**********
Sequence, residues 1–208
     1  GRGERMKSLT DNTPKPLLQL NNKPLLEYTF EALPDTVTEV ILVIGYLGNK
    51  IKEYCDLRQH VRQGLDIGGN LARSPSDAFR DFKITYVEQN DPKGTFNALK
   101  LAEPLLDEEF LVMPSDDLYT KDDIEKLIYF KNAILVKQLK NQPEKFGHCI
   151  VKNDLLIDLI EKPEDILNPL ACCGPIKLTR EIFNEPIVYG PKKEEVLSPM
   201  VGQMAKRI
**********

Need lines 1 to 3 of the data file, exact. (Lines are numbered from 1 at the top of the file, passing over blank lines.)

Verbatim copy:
Sequence, residues 1–208
     1  GRGERMKSLT DNTPKPLLQL NNKPLLEYTF EALPDTVTEV ILVIGYLGNK
    51  IKEYCDLRQH VRQGLDIGGN LARSPSDAFR DFKITYVEQN DPKGTFNALK